Is Copying Art Plagiarism?

Considering if it is OK to copy another artist's work and, if so, in what circumstances.

Is Copying Art Plagiarism?

For my art development I will often copy another artist’s work in my sketchbook; I find it a helpful way of learning a new technique.
I sometimes feel guilty about doing this and I often wonder where the line is between doing this and plagiarism? According to the Oxford English Dictionary plagiarism is defined as, “The practice of taking someone else's work or ideas and passing them off as one's own”. In this article I will explore what copying is acceptable and where I think copying becomes plagiarism.

I don’t think that there isn’t anything wrong with copying a drawing or painting of someone’s artwork just to build on your own art work if it is not going to be publicly displayed anywhere.  By studying closely another’s work you can learn new skills that you can then put into practice into your own original pieces. I watched an art video on YouTube and there was an interesting quote that made me think, in which Gary Panter said, 

“If you have one person that you are influenced by everyone says that you are the next whoever but if you rip off one hundred people everyone will say you are so original.”

You could also apply this to plagiarism because if you are practising by copying one person’s art you are just imitating them and therefore plagiarising their style. However if you take inspiration and copy from many different artists you are not learning to be a clone of someone but taking various ideas to develop your own style. I spoken to an art tutor Harriet Davies, who said that taking different parts from different artists is a useful way of challenging yourself to expand your skills and learn.

Many artists will use other people’s photography to create art from, for example you may want to paint a landscape and decide to use a photograph you’ve found online or you may want to use a photo of a celebrity to draw a portrait from. Some would class this as plagiarism because it is copying but I would say it depends on whether you are copying something that didn’t already exist, for example the landscape was already there. In my opinion it all depends on whether you are copying a unique composition and the style of the photograph or whether you want to paint a specific person or landscape and need to use a photo rather than seeing it in the flesh.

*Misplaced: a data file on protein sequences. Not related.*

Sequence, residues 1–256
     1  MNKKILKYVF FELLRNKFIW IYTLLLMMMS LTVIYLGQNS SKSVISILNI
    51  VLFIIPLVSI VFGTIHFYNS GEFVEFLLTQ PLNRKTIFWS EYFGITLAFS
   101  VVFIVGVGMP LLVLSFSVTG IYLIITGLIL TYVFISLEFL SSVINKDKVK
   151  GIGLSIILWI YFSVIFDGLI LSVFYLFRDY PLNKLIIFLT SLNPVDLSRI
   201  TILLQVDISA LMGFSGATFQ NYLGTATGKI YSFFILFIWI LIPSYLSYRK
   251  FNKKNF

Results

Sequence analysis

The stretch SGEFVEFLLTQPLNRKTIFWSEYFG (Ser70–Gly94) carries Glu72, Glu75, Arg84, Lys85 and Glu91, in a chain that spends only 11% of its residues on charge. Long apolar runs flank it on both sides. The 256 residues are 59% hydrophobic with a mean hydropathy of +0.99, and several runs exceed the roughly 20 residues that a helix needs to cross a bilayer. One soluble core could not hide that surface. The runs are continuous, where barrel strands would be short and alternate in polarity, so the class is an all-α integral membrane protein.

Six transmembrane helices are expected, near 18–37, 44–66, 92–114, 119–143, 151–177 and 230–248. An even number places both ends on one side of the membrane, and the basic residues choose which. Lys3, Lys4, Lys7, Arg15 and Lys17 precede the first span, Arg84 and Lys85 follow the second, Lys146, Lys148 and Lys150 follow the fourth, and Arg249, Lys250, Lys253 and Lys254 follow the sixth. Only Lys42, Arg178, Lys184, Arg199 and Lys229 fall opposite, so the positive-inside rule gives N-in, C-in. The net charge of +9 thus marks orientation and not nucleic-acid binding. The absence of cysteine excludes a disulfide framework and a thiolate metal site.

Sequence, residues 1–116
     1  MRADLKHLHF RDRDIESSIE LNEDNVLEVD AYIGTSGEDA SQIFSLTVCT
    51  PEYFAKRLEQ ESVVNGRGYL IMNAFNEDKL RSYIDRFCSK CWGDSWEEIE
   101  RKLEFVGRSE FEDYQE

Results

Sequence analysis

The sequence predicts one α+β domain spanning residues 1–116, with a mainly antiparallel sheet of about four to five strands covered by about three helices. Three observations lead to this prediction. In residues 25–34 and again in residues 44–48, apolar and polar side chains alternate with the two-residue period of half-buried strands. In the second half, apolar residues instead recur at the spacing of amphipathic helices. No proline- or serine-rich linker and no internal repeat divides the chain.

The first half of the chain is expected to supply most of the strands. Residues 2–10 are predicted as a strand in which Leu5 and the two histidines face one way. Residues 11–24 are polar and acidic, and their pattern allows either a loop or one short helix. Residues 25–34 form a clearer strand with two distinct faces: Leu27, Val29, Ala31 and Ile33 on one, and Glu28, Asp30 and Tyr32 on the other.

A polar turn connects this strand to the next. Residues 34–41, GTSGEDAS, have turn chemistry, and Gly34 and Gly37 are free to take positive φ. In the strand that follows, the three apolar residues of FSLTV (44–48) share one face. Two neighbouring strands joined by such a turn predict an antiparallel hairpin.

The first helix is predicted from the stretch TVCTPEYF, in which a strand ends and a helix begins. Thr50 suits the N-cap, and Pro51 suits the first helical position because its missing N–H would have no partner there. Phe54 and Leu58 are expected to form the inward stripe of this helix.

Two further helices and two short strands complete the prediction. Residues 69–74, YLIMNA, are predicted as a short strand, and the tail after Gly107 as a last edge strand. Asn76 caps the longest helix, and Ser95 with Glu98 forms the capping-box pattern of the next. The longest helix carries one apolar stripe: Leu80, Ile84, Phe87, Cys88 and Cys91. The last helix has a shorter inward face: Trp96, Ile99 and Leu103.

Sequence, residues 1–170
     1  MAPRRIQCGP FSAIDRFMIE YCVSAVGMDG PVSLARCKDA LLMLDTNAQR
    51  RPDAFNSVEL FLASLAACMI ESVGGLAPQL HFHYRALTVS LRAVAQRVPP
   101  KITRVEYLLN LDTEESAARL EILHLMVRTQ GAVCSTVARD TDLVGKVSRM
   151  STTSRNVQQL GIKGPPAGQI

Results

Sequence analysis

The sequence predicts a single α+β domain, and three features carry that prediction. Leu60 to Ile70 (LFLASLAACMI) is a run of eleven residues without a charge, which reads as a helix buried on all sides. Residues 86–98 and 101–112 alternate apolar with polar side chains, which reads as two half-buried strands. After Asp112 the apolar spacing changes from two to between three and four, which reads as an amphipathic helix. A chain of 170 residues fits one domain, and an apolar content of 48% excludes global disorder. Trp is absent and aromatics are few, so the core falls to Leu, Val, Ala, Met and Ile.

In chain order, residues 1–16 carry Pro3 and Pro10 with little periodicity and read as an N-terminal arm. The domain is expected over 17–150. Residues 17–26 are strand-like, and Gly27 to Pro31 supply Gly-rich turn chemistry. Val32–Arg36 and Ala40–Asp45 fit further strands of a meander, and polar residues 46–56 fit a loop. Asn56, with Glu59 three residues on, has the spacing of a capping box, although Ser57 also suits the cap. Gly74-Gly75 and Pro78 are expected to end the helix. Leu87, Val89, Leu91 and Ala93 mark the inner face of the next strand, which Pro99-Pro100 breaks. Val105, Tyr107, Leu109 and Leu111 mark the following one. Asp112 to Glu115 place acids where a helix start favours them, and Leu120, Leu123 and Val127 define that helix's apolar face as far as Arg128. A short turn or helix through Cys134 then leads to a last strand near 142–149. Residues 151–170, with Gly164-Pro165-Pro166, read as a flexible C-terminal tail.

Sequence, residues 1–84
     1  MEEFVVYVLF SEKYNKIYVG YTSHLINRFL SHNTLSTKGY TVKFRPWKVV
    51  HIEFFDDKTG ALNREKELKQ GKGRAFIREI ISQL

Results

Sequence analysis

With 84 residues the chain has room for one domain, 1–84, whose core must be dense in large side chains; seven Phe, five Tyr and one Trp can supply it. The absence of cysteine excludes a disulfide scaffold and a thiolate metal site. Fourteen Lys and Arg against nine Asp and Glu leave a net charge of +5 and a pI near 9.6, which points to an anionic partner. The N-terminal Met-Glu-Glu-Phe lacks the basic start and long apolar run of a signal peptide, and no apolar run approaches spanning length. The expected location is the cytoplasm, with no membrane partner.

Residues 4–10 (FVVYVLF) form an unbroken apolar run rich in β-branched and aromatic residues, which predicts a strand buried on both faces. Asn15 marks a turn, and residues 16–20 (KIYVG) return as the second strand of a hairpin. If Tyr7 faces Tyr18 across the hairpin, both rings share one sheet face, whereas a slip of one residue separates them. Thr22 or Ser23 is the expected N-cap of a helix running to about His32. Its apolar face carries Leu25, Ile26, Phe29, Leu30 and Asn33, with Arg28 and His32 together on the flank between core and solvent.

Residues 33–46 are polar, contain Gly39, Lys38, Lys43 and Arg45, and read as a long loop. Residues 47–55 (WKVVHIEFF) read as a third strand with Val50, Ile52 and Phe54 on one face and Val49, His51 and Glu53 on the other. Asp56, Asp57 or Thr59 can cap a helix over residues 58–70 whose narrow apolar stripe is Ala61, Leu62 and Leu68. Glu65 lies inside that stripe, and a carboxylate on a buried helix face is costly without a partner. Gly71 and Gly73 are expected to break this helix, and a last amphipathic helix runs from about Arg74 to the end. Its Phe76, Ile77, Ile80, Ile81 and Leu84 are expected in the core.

Some would say that it is OK to copy another’s work and publicly display it. They would not count this as plagiarism as long as credit is given to the original artist. On Deviantart.com, sacredflamingheart says in a journal, 

“Don't dupe your audience. If you made a work with the intent of copying or alluding to another work, SAY SO IN YOUR DESCRIPTION.”

Some would add to this that as long as you are not getting paid or even potentially getting paid for it in any way it is OK to copy a piece of art and publicly display it. Finally there is someone like convicted art fraudster John Myatt who used to copy paintings and sell them as originals, this was illegal but after coming out of prison he now recreates masters but sells them clearly marked as copies. The copyright has expired on these pieces because the artists have been dead over 70 years.

I wouldn’t want someone else to copy a piece of my art and publicly display it even if they state that it is mine, I would want them to ask permission. So I would not want to do that with others work. I do think though if you are not going to publicly display the work it is OK to copy it. I feel the exception to this is if a person or group was studying an artist and doing an exhibition of their work as part of the study of the artist. People’s art is very personal to them and copying another’s work feels to me like pretending to be them or stealing.

References:


Image courtesy of vanderbilt.edu

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Nyah Harper

Nyah Harper

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3 Comments

  • Luke Taylor

    On 11 May 2018, 15:00 Luke Taylor commented:

    This is a really good issue to discuss. Just where does the line cross between copying other artists to learn off them and using other artists' work as your own?

  • Nyah Harper

    On 18 May 2018, 13:48 Nyah Harper commented:

    Yes Luke Taylor, it's a difficult issue for many artists.

  • Carol Leach

    On 18 May 2018, 16:39 Carol Leach commented:

    very good arguments both against and for in certain circumstances

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